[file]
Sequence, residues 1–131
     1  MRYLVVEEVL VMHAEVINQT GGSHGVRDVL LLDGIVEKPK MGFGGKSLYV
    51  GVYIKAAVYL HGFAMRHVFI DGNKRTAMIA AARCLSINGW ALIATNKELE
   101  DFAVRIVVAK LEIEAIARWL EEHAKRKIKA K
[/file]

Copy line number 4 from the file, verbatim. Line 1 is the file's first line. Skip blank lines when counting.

   101  DFAVRIVVAK LEIEAIARWL EEHAKRKIKA K